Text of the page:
Radon Frequently Asked QuestionsWhat is radon and where does it come from?
Radon is a colorless, odorless and tasteless radioactive gas that is formed by the decay of uranium in soil, rock and water. It is naturally occurring and exists at low levels everywhere. Nationwide, the average outdoor radon level is 0.4 pCi/L and the average indoor level is 1.3 pCi/L. Radon travels through the soil, upward toward open air above the ground. Some remains within the soil and dissolves in water that collects and flows as ground water.
Radon has a half life of approximately four days. This means radon decays by one half every four days. This decay process produces very short lived radioactive by-products that can attach to dust and other particles that can be inhaled.
A pCi is a measure of the rate of radon decay. It equates to 2.22 radioactive disintegrations/minute. Measured radon levels are reported in pCi/liter of air per day. Therefore, a measurement of 4 pCi/L represents approximately 12,672 radioactive disintegrations per one liter of air over a twenty four hour period.
Is any radon level considered acceptable?
Radon has been classified as a class A carcinogen. According to the EPA, no radon level can be considered 100% safe. However, it is naturally occurring everywhere and cannot be completely eliminated. The EPA has established 4pCi/L as an “acceptable” level and recommends that homes be mitigated if the occupant will experience long term exposure to radon levels above an average of 4 pCi/L.What health effects are associated with radon exposure?
Radon exposure has been undeniably linked to an increased lung cancer risk. It is recognized as the second leading cause of lung cancer and the number one cause of non-smoking related lung cancer. The EPA estimates that radon is responsible for approximately 21,000 lung cancer deaths in the United States each year. Smoking combined with radon exposure increases an individual’s lung cancer risk dramatically.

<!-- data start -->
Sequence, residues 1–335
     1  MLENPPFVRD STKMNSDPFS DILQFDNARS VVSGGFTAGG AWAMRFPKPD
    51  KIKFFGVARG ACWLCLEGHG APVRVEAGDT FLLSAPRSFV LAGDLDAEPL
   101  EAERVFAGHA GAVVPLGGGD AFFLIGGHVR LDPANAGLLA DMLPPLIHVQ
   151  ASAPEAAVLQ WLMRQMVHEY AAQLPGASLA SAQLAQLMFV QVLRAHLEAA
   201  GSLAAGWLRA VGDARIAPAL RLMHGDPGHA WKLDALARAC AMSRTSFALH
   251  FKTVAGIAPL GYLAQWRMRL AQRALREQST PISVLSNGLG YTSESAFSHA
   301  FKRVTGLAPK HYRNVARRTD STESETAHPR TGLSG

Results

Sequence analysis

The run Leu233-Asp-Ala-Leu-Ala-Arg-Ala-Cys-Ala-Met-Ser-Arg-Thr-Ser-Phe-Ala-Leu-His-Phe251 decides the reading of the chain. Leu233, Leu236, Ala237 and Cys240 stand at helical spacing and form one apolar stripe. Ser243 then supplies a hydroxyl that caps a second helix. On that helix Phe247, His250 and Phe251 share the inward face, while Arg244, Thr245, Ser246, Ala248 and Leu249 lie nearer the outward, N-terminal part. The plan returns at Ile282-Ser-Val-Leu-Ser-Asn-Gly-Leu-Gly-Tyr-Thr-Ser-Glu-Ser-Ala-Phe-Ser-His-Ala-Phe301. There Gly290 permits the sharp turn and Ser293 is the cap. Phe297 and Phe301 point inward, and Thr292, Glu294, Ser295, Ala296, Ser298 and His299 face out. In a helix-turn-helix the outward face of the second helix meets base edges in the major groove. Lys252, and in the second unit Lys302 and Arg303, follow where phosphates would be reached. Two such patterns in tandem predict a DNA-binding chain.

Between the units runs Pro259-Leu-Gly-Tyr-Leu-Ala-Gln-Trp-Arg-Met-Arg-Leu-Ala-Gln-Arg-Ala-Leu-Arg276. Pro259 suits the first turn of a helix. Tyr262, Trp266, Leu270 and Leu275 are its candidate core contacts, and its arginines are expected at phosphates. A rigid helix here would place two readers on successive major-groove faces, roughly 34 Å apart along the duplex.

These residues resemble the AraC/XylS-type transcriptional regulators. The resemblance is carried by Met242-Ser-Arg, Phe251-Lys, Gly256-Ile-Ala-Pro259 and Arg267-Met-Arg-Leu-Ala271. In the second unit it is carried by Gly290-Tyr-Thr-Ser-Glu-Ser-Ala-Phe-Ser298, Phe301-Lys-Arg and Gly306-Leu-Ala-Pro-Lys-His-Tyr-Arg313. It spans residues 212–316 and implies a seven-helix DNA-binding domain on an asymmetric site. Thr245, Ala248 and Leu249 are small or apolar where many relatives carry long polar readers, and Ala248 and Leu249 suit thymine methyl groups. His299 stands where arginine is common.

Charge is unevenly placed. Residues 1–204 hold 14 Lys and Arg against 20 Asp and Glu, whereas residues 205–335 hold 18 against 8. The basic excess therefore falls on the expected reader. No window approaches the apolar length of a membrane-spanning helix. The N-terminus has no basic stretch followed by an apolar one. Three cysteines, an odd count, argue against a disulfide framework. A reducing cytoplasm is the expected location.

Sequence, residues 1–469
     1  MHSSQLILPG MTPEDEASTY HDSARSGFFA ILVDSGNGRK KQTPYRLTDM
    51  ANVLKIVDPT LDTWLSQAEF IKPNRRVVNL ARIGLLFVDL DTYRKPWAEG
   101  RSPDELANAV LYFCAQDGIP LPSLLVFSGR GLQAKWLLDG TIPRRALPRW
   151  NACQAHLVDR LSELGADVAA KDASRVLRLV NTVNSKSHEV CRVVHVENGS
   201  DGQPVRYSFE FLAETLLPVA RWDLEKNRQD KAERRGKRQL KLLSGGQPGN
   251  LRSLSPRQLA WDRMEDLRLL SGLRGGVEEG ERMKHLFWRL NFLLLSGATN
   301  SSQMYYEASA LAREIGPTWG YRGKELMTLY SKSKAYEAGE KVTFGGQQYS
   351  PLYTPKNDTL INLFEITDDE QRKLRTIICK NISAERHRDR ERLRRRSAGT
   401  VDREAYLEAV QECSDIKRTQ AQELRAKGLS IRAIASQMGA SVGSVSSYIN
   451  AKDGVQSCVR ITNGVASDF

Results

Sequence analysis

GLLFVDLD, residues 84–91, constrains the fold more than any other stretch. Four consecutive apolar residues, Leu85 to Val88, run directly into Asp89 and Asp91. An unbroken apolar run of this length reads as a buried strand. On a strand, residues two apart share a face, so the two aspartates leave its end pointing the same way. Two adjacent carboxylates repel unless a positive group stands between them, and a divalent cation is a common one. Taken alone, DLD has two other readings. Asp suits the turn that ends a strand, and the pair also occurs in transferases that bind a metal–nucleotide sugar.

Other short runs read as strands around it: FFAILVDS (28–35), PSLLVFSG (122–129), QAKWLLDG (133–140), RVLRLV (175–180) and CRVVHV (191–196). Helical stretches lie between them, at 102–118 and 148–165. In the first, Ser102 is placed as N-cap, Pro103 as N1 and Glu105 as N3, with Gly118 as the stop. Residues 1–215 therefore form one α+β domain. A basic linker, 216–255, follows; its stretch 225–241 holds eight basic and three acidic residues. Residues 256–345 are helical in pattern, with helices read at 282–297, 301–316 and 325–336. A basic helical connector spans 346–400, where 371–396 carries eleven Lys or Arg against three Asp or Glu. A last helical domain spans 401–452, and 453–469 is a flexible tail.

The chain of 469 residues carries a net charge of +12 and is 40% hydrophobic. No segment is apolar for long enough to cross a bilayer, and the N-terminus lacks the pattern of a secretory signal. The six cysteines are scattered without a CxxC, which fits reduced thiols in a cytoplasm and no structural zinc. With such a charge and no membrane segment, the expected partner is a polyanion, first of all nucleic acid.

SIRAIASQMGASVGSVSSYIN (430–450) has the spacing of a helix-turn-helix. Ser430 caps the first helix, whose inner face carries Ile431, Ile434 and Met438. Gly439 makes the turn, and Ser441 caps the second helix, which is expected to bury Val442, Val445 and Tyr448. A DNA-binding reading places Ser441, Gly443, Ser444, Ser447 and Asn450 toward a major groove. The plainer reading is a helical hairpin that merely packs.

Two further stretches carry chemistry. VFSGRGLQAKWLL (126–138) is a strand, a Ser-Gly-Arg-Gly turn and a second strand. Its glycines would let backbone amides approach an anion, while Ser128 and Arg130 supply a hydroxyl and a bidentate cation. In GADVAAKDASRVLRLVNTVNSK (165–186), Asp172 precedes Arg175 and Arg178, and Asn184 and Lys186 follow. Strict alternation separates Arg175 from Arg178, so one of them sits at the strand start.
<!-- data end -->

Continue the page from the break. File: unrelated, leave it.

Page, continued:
In 2005, the US Surgeon General issued this health warning regarding the risks of radon exposure. "Indoor radon is the second-leading cause of lung cancer in the United States and breathing it over prolonged periods can present a significant health risk to families all over the county. It's important to know that this threat is completely preventable. Radon can be detected with a simple test and fixed through well-established venting techniques."
Radon gas decays to minute radioactive by-products that attach to dust and get trapped in lung tissue. These particles may cause tissue damage that leads to the development of lung cancer over time.
Radon does NOT cause short-term respiratory health effects. However prolonged periods of coughing or shortness of breath may indicate the need for screening for signs of lung cancer.
In the United States overall, it is estimated that 1 in 15 homes has radon above 4.0 pCi/L.How often is radon a problem in Pennsylvania?
In Pennsylvania, it is estimated that approximately 40% of all homes have elevated radon levels above 4.0 pCi/L. Because most people spend the majority of their time at home, residential radon levels are a serious health concern. You can learn the average radon level that has been reported to the PA Department of Environmental Protection for your area by entering your zip code here. However, you cannot assume your radon level based on those in the surrounding area. The only way to know if you are exposed to radon is to test your home.Can the radon concentration in a building be estimated or predicted?
It is impossible to accurately estimate or predict the level of radon in any home or building. Many factors affect the radon level in a structure. Aside from the radon concentration in the soil, certain structural elements of the building allow radon to enter. Some potential entry points are cracks in the foundation, structural joints, sump pits, entry penetrations for utilities, perimeter drains, floor drains and unsealed crawl spaces. One cannot assume that the radon levels of neighboring homes are an accurate radon indicator. However, if neighboring homes are reported to have high radon levels, testing of every home in the area is strongly indicated. A radon test is the only way to determine the radon concentration in any building.Does the type of home affect the radon level?